Christmas Bird Count
Header Image: Sandhill Cranes
Softer than one would expect for a relatively large bird. Distant. Distinct.
“Great Horned Owl!”, Gini exclaimed in the darkness. It was now about an hour-and-a-half before sunrise and this was our fourth stop in an attempt to hear nocturnal birds. A bit later, a Barred Owl couple called to each other. The highlight of our pre-dawn foray occurred at a boat ramp. “Whip-whip-whip.” Whoosh! An Eastern Whip-Poor-Will almost took my hat off as it coursed along the dirt road scooping up insects before sunup and its bedtime.
“This is fun.” (Gini has mastered the art of understatement.)
As the sky lightened, our surroundings became increasingly noisier, even by my standards. Northern Mockingbirds, Mourning Dove, Common Gallinules and Northern Cardinals were singing, calling and gabbling from all sides.
Just prior to the turn of the 20th century, it was popular in some areas of North America at Christmas and New Year’s to venture afield with dog and gun and see who among family and neighbors could amass the largest number of carcasses, primarily those of birds. Conservation was barely a concept at this time.
An ornithologist by the name of Frank Chapman got it into his head that perhaps this annual contest could be performed just as well by counting how many birds were in an area and writing the number and species on paper instead of hauling their lifeless bodies back to the kitchen table. Birds have been grateful ever since.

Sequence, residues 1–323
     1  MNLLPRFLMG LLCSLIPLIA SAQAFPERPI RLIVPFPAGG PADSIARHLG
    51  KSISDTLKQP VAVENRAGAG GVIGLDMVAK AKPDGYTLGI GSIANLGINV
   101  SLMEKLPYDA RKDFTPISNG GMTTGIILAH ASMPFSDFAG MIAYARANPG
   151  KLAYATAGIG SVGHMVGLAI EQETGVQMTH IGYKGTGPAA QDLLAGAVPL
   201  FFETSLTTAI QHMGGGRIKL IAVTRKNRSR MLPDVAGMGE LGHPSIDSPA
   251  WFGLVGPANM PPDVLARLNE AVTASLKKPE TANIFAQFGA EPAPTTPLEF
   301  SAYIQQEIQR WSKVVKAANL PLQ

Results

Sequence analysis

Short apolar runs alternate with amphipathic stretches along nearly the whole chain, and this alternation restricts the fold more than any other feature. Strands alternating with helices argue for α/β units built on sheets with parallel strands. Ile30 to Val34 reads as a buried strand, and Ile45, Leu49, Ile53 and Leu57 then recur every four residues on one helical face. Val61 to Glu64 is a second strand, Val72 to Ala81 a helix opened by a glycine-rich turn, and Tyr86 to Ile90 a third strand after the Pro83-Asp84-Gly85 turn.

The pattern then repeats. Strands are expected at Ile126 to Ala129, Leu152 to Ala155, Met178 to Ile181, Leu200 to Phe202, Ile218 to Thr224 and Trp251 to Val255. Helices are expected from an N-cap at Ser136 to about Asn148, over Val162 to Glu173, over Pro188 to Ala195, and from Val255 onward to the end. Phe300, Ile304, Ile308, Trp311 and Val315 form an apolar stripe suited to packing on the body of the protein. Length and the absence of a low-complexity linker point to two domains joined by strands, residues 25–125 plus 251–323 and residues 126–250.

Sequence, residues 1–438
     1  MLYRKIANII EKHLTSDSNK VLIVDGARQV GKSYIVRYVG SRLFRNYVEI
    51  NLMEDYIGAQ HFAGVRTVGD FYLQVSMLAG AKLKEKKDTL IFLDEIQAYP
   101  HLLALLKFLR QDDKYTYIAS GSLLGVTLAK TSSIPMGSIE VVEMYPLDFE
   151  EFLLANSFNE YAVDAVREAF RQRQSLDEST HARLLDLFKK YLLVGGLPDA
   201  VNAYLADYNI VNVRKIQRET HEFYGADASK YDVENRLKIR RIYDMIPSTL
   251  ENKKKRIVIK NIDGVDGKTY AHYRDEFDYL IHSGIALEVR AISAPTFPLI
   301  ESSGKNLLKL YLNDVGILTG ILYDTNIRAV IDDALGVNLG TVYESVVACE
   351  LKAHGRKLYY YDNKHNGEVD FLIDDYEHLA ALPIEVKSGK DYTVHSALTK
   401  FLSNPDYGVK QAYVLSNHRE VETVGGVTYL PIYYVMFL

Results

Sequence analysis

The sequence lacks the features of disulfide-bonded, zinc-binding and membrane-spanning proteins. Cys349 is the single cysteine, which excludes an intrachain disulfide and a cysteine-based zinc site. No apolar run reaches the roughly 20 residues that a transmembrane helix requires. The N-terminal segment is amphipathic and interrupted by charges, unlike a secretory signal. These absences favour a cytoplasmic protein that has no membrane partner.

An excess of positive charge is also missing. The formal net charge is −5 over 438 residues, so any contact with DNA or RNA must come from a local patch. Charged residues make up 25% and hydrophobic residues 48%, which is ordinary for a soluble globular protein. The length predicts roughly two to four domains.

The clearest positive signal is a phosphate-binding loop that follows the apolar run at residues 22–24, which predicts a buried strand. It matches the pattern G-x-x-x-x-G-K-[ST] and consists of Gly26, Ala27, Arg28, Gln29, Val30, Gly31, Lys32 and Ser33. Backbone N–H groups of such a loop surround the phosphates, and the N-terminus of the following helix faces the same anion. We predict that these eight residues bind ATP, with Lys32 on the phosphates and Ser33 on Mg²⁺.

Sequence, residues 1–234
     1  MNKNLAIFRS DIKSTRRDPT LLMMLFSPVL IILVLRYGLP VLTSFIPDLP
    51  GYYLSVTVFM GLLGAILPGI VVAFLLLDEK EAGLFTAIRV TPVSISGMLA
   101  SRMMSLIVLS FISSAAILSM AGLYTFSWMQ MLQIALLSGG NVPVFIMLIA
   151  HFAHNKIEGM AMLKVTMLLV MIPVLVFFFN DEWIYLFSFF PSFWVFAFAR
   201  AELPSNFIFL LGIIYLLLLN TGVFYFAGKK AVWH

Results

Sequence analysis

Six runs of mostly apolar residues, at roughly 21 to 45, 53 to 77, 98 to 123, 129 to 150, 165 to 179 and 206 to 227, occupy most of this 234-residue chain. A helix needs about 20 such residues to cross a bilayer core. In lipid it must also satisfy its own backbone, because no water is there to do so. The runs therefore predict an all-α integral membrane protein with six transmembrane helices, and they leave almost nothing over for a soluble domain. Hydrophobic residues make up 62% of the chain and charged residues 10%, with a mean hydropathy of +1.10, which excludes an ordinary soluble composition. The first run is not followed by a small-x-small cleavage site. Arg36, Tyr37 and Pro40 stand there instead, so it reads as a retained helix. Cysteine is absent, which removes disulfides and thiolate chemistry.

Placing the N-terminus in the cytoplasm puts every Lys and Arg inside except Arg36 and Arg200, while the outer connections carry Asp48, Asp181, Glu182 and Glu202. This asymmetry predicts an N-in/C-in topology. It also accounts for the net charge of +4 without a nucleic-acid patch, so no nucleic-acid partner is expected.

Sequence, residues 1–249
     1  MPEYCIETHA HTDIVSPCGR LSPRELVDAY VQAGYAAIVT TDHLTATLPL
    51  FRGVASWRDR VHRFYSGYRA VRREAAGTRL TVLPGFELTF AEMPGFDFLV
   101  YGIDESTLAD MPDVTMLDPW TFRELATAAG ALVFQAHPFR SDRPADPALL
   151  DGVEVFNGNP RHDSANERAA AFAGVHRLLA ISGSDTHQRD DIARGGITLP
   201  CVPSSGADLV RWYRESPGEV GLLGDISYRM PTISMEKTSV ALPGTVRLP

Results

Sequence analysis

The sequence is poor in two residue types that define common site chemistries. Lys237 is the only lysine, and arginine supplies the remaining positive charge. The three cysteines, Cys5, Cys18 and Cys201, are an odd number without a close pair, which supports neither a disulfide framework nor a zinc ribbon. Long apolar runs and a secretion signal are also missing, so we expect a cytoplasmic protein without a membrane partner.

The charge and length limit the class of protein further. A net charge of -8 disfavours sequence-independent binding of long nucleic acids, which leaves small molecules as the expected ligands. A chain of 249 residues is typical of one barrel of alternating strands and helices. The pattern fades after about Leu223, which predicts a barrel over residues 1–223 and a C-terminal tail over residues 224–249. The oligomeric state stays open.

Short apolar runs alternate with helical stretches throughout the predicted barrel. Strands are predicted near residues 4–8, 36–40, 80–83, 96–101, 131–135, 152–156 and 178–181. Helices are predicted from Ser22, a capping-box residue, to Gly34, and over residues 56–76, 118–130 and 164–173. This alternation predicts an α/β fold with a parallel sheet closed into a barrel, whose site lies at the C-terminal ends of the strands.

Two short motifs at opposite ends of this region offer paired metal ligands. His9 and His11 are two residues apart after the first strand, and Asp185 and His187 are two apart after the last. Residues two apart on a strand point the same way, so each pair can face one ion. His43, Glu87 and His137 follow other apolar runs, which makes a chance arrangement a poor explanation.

The first somewhat organized Christmas Bird Count was on Christmas day in 1900, conducted by 27 birders from Ontario to California. They tallied 90 species for the day.
“Modern” Christmas Bird Counts now involve thousands of birders using the latest in technology to instantly report the results of their efforts to local compilers who combine all the data for forwarding to a national center where the information is consolidated and verified. Results of this annual census effort is used by scientists, researchers and wildlife managers to help understand fluctuations in bird populations and how best to help our avian friends.
Gini and I spent about 12 hours in our assigned area on December 21st and I joined another birder on January 2nd for a count in a nearby area. We did not find any rare birds nor did we break any records on numbers of birds observed. We did have a great time and perhaps contributed in some small way to increasing the base of knowledge in an effort to improve our planet.
Good news! We saw almost 70 different species of birds!
Better news! I am not going to post that many images for you to wade through!
A few pictures follow to give you a sense of what we encountered.
We had a terrific day, saw a lot of birds and had no problem falling asleep at night. If you live in an area that conducts an annual Christmas Bird Count, consider joining in the fun next year. Contact a local Audubon bird club and they will be happy to have you. All experience levels are very welcome!
Enjoy your search for a natural place and come back for a visit!